As a former mental health professional, John understands better than many people how the charity’s work can make a difference to the children that he might have ended up seeing as clients. “One of the things is helping children to have a voice of their own and to express their experiences, through the advocacy work that is done by the society to promote children’s needs,” said John.

He is pleased that children leaving care at eighteen now have phased in council tax payments. “They don’t start off with a lot of debt. There was a recent mental health week which highlighted awareness of children’s needs. There’s been a lot of training that the children society does to help awareness,” he said.

John says there is a genuine need for The Children’s Society’s work in and around Shaftesbury. “There are 68,000 children in Dorset. 23% of those live in poverty. Rural poverty is an issue. There are nearly 480 children in care in Dorset and 7,000 have been struggling with mental health,” said John, as he quoted Children’s Society statistics. “There is more than an opportunity to be able to raise funds through the Children’s Society, to help both advocate for them and provide certain kinds of services to help alleviate these issues.”

Some national and regional causes have a highly visible presence around our town with their charity shops. The Children’s Society doesn’t have a shop, but John doesn’t see that as a disadvantage, and he points out that stores mean additional running costs. “While it’s really helpful to have that frontage, we’ve got social media and various publications we can use. Word-of-mouth is a brilliant thing in a small town as well,” he said.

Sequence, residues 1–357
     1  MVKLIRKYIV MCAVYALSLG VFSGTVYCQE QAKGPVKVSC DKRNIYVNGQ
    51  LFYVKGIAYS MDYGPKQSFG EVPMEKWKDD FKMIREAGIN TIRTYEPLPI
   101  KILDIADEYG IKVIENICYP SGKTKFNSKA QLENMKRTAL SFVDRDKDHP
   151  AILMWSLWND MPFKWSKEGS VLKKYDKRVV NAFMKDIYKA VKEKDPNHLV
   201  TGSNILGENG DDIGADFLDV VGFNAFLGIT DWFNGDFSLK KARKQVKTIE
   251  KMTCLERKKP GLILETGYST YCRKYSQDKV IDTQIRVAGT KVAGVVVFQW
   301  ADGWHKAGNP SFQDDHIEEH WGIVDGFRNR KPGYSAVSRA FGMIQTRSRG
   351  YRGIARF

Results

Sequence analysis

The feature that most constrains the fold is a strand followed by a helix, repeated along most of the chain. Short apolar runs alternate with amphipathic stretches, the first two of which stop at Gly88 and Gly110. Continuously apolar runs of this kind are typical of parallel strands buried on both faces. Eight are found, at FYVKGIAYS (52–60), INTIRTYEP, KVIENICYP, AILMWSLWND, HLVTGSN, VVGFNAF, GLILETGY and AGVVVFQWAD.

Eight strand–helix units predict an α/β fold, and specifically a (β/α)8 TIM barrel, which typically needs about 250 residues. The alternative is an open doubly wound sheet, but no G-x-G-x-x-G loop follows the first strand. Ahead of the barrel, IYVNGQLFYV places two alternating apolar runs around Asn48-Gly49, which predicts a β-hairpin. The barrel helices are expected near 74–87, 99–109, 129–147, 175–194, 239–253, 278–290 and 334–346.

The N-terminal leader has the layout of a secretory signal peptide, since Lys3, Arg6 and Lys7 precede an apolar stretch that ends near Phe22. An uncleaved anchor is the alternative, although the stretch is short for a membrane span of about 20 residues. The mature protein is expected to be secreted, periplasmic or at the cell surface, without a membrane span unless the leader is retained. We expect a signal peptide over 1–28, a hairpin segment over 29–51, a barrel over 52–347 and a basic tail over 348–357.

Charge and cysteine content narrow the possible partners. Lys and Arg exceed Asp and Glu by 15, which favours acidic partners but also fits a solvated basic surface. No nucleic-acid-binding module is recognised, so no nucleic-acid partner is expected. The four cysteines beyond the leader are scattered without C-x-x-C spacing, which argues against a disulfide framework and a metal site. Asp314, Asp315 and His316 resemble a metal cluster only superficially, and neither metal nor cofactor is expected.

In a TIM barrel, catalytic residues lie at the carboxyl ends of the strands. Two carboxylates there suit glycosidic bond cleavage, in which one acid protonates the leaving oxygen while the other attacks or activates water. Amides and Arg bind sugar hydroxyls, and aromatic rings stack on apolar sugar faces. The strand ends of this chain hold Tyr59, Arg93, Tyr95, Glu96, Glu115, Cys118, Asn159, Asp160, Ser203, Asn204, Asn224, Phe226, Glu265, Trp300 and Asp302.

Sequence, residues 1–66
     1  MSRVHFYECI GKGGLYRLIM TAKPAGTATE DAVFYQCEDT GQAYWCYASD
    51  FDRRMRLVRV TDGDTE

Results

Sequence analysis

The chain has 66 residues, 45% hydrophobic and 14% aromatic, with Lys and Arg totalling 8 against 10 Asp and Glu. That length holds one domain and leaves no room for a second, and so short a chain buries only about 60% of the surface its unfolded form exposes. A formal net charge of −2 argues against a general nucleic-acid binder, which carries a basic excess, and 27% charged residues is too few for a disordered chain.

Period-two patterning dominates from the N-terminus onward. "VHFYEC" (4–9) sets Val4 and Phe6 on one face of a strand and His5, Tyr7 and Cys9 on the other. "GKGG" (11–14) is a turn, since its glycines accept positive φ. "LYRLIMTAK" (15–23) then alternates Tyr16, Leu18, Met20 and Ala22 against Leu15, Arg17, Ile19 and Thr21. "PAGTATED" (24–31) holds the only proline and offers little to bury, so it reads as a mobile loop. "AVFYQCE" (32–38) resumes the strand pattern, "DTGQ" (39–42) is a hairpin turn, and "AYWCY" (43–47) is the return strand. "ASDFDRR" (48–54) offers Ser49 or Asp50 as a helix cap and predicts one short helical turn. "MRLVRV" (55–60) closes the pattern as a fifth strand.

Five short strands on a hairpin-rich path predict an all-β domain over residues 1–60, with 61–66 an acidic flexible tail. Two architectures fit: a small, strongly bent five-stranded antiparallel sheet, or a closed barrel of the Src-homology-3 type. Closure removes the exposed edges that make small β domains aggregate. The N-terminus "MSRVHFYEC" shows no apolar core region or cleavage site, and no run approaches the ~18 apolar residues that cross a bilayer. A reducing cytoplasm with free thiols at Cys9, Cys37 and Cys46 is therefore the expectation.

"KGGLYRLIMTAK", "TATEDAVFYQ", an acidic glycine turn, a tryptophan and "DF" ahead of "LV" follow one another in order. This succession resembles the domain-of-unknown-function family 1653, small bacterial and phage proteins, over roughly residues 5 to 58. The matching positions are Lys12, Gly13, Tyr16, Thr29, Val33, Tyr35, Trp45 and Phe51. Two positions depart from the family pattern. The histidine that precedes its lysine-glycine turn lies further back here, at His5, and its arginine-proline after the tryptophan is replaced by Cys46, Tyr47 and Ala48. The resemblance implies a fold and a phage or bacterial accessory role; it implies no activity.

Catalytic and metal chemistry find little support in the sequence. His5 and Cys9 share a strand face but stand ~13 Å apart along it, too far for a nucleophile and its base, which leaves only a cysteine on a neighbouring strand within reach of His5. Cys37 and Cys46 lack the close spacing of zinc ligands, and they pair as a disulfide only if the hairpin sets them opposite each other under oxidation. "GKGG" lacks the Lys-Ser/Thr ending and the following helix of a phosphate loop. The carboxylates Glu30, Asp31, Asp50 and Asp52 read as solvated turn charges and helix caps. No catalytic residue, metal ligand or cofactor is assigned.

John has plans for the society. Some committee members have served for over thirty years and he wants to introduce some new members who will bring fresh ideas and thinking. “If we can bring the average age down without losing anybody who wants to be part of the committee, that would be brilliant.”

He wants to recruit more volunteers. “For street collections and the different events we have during the year, it would be great if anybody listening would like to be part of that. Everybody is on the same page in terms of the motivation for this. It’s one of the few committees I’ve been part of where there is positive and purposeful humour,” smiled John.

John isn’t looking for specific skills from his new recruits. “Anybody who feels that they can be involved in any practical kind of way or are good in organising or simply motivated to support children and young people. That covers virtually anybody,” he said.

The new chairman says we should expect to see more of The Children’s Society around Shaftesbury over the forthcoming year. He wants to increase the organisation’s profile and to host more events. “I think that has been the ambition of the committee all along and it has got really strong foundations now. It’s about building on that and, as we can have more volunteers, there’s the potential for other activities to increase.”

If you would like to get in touch with John, please email